From: Michael Gibson 24 Jan 2010  (5 of 25)
 3264.5 In reply to 3264.4 Hi eric, so a cleaner way to get this done without a zillion little slivery intersections is to instead start with a big surface and then boolean away pieces. So for example in your case one way to do that is to start with a sphere, and then draw a rectangle like this (note rectangle is only on one side of the center point to make array polar more simple rather than that "sticking out to both sides" type of thing): Now do an Array circular to replicate it: Select all the rectangles, and then do a boolean union to fuse them all together into one closed curve, like this: In the 3D view it looks like this: This is now all ready to go - in this case using boolean intersection is the easiest, that will keep the area that is inside the closed curve. If you wanted to do boolean difference, that is possible as well but you would have a bunch of separate "V" like curves for the cutters for that one to cut out wedges, rather than one closed curve like I have here. Select the sphere, run boolean intersection, then select the closed curve, and it will give you this result: Or as seen in 3D: Now to hollow out the center draw another sphere and use boolean difference to remove it. This process is much cleaner and more robust because it does not have so many little tiny slivery surfaces at shallow angles to one another. I've attached the 3DM model file here with the curve and the sphere if you want to take a look. - Michael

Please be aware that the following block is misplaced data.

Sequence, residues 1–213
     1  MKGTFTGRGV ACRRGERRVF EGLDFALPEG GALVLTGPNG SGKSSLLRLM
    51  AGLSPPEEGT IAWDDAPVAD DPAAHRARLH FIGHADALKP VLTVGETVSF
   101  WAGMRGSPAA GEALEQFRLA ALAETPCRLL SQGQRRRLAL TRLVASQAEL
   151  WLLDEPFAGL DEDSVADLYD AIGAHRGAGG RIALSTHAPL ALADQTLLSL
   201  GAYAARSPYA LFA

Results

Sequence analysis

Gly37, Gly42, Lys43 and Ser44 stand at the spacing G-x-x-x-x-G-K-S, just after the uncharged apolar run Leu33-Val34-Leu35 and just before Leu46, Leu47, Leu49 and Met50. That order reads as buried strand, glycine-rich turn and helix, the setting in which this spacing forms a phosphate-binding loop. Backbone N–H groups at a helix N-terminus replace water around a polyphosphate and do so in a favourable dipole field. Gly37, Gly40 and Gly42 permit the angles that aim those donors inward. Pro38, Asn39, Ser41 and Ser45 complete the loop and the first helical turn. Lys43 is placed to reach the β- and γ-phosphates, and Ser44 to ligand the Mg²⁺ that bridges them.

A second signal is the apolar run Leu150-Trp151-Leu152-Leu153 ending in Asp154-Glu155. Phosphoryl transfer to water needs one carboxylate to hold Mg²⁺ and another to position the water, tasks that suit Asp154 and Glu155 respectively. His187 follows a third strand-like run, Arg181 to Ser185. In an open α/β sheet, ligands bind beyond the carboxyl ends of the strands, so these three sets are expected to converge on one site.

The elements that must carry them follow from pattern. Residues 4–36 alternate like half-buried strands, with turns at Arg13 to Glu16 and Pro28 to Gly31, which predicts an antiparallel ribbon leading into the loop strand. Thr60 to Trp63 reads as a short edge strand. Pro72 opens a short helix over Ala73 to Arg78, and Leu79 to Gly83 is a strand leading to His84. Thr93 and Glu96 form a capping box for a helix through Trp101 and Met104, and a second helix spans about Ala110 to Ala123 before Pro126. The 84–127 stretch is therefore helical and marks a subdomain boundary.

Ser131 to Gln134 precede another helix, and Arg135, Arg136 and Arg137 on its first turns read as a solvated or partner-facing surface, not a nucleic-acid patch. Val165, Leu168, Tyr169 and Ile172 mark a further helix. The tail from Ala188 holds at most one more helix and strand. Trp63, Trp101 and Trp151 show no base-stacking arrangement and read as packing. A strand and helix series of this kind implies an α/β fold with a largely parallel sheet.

From: Michael Gibson 24 Jan 2010  (6 of 25)
 3264.6 In reply to 3264.1 Hi eric, so I think really that way I showed above with cutting longitudinal slices out of a sphere or revolved piece is probably the cleanest way. An alternate way if you do want to work with individual solid pieces would be to build something like a central hub piece like this: Then union each of your pieces to that hub rather than trying to union them directly to each other. That would also avoid the kind of chaotic grazing slightly angled intersections as well, since the intersection between each hoop and the hub would be a clean and simple one. But it tends to be harder to get the sharp pointy cuts with this method, the other way of cutting the full surface longitudinally is easier to get those orange wedge like segments in. Does that all help to explain the problems that you were running into and some solutions for you? Please let me know if you need more details. - Michael Attachments:

 From: d^^b (DAVID) 25 Jan 2010  (7 of 25)
 3264.7 In reply to 3264.5 Hi Michael: ItÂ´s a bit of off topic. I was following your example, and I made a Boolean-->Difference with a smaller sphere for get the result that you was explaining. After that I drawn a line and I made Boolena-->Merge for get a semi solid, but the bottom semi solid looks "broken" I attach the file ready for made the last command. David Attachments:

 From: Frenchy Pilou (PILOU) 25 Jan 2010  (8 of 25)
 3264.8 In reply to 3264.7 Put the line out of the model and then make the boolean merge ;) Attachments:

 From: eric (ERICCLOUGH) 25 Jan 2010  (9 of 25)
 3264.9 In reply to 3264.6 Thanks Michael ... That really helps hugely. There were definitely things I did not understand about booleans. Now I have a little better feeling about what I can expect. I am so impressed and amazed about how much time and effort you are willing to give MoI users. I wonder at how you do it and still keep your own production on track. cheers, eric

 From: Frenchy Pilou (PILOU) 25 Jan 2010  (10 of 25)
 3264.10 In reply to 3264.9 Answer on the forum is a moment of relaxation ;) --- Pilou Is beautiful that please without concept! My Gallery

 From: d^^b (DAVID) 25 Jan 2010  (11 of 25)
 3264.11 In reply to 3264.8 Hi Pilou: I donÂ´t know what I am doing wrong, but I still get a rare result, even moving the line. Attachments: